I just received a D-Link DCM-202 modem, bought on eBay and listed as new.
I wrote down the MAC address, hooked it up and was preparing to call Suddenlink until I noticed my PC had established an online connection. A little browsing confirmed that the new modem is indeed connected. The MAC address is totally different from the old Toshiba.
First, it may not really be new. It could be refurbished, or it could just be re-shrink wrapped. Retailers are allowed to sell returned merchandise as new if it appears to still be new, and shrink wrap machines aren't all that rare.
It could also be that if your cable operator allows their customer service agents to manually provision a modem, a MAC was entered incorrectly. (This is why most operators really, really want people to take advantage of automatic provisioning systems.)
Another possibility is that your cable system is configured to provide an IP address to any MAC, but when the lease expires, you have to get it provisioned properly. Encouraging people to essentially take an extended test drive can be a great way to make sales.
It could also be bad design by your cable operator. I mentioned automatic provisioning before. For that to work, your cable modem needs to establish a connection. That connection should allow connection only to the provisioning system, and not the outside world. A poorly designed system does this only by using DHCP to configure DNS servers that will resolve everything to the provisioning server. If that's the only safeguard they use, browsing by IP address, or statically configuring another DNS server are easy ways around it. (A well designed bottom-up provisioning system may do this with DNS, but will also do things like using private range IP addresses, or even more reliable methods to keep unprovisioned customers from getting anywhere but the provisioning server.)
And, of course, it could just be a mistake on the part of your cable operator. An employee may have made a simple mistake that will eventually be noticed. Or not.
Chances are that you won't be able to browse the Internet indefinitely unless you get the modem properly provisioned for your account. It may be tomorrow. Or it may be a couple years down the line. But chances are better that it'll be corrected sooner than later.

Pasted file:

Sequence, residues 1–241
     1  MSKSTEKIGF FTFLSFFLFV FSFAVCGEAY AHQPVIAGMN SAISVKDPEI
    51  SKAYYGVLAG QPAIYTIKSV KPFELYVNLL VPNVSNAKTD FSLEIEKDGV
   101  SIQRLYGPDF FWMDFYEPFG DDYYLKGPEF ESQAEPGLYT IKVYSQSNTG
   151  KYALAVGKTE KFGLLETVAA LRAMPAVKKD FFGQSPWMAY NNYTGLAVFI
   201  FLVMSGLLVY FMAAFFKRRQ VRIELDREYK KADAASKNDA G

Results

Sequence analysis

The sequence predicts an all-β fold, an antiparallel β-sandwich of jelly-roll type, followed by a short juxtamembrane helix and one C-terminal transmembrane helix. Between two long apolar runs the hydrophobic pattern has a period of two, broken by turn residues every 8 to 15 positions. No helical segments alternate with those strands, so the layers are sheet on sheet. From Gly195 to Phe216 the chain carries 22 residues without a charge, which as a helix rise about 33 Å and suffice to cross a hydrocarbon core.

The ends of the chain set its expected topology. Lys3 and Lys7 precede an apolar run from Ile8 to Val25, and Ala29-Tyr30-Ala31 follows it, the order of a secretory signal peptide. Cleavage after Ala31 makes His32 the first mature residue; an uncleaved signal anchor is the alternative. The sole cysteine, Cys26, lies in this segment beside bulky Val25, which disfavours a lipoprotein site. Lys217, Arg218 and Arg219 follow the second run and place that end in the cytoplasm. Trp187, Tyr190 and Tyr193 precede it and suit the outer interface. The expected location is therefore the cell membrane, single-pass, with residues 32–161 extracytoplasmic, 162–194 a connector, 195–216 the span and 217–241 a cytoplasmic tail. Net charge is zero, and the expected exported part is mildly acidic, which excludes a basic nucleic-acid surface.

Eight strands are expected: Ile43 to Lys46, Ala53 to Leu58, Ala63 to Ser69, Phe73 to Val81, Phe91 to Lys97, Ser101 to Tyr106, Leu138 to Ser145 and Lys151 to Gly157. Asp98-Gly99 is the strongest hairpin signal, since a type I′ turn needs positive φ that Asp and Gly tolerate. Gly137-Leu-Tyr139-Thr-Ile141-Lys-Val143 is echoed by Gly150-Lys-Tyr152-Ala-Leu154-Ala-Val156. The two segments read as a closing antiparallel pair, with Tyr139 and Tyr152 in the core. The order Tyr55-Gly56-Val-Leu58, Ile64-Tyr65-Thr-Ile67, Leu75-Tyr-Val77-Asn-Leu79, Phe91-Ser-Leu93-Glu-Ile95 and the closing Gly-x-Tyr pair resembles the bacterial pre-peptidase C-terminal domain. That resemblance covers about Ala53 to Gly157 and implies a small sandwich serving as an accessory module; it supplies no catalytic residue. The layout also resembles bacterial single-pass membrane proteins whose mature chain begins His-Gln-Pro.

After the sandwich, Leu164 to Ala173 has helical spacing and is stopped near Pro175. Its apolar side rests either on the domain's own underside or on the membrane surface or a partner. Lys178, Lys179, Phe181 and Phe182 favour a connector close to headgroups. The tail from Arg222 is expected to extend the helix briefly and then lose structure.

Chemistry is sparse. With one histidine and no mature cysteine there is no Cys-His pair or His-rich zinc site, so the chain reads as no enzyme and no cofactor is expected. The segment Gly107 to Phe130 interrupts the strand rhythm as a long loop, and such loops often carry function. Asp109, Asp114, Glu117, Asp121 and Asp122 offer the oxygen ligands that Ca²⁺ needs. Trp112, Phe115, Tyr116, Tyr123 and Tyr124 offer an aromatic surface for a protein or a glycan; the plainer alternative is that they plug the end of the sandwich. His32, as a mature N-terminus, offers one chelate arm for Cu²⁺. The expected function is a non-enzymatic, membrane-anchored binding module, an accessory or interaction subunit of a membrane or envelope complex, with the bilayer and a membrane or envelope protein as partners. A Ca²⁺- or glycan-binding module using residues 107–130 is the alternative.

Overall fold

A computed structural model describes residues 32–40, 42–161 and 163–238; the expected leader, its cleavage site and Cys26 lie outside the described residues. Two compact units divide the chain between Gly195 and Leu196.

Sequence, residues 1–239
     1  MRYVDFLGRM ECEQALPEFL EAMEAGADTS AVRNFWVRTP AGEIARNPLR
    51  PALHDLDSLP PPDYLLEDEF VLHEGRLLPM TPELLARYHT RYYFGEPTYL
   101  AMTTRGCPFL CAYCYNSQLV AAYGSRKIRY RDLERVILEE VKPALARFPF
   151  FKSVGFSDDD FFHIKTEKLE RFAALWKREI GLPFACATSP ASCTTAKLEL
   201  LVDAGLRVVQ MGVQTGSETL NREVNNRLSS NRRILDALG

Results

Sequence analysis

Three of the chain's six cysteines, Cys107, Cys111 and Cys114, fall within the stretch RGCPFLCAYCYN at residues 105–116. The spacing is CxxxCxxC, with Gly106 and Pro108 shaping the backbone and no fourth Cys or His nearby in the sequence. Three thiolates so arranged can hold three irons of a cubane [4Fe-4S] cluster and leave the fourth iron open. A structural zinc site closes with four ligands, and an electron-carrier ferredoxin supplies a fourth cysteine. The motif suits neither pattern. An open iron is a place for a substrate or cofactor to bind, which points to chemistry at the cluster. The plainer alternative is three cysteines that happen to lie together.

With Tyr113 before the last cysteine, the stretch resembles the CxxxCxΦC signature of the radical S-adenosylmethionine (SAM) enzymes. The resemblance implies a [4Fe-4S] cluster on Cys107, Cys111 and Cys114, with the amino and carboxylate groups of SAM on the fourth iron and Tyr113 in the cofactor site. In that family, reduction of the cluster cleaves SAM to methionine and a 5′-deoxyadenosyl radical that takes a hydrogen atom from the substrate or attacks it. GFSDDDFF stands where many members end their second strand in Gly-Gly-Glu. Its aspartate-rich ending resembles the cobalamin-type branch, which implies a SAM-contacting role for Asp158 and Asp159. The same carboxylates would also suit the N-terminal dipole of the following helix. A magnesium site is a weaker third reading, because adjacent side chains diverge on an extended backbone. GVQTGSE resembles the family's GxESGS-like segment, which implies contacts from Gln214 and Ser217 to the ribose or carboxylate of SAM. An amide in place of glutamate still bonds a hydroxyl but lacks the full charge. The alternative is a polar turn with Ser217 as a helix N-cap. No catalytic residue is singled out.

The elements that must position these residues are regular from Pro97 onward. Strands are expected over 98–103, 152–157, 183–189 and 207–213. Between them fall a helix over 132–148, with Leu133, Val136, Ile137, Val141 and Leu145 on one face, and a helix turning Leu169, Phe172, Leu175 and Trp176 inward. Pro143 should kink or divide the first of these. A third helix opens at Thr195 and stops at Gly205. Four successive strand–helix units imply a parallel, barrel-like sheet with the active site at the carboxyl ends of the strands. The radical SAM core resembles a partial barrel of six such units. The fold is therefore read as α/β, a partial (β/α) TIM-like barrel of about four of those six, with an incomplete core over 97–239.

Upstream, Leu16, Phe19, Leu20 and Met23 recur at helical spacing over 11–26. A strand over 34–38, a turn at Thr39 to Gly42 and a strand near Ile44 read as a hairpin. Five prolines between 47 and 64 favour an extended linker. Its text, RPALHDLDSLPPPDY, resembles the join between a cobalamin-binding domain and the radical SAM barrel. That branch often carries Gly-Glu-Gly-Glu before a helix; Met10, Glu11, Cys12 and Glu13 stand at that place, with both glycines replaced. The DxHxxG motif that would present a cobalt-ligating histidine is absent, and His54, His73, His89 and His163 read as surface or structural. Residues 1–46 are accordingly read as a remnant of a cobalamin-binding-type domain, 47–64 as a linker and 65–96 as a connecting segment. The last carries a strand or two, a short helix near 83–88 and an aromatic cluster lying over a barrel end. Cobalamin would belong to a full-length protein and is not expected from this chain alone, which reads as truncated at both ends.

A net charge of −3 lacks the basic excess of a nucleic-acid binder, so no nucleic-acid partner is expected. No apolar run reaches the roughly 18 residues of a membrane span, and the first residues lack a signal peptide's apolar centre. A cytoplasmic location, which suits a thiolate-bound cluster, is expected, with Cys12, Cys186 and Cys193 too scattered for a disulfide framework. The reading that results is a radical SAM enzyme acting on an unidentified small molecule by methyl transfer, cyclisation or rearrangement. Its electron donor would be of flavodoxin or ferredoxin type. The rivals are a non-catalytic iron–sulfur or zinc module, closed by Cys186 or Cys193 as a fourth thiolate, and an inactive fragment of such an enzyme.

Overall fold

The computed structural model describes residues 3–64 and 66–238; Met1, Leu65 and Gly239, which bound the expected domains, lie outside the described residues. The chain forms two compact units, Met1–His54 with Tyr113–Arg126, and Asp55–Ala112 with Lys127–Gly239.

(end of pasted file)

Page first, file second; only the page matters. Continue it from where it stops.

Some time back I bought a Toshiba modem as a backup, identical to the one I've had for years, but with a different MAC address. That one did not automatically work. That was before Suddenlink took over my local Cox operation.
I'll just wait and see what happens Thanks for the reply.
Last year I bought an SB5120 from Best Buy. Come to discover (the hard way) that it had been provisioned in a Comcast system somewhere (I live in a Comcast system as well) Took a few weeks and Chicago to get the mess all straightened out.
ISP modem rental can be anywhere from $3 - $5 or more per month. At $5 or more, it might pay you to own your own. $3 is about the most I can justify paying to have the free swap out benefit any time you want.
And if you live in a area where thunderstorms and lightning is a non trivial issue, being able to call up the ISP for new unit can be cheaper. Here the RR office is a few miles away and they'll swap them there.
Also from what I've seen, the areas where RR built the network seem to be some of the best run WANs on the planet for a public service. I've dealt with multiple DSL and cable ISPs and RR is the only one that has be able to deal with any issue that has come up without making you endure the reboot, turn on cookies, etc... Now the areas where they bought the customers from someone else is a different matter.
$2.50 a month whree I'm at. I pay it even though I have a cable modem sitting here in reserve. Given the signal quality and resulting packet loss issues I've battled with these folks having absolutely nothing in the chain they can point a finger at other than themselves is worth the $30/year.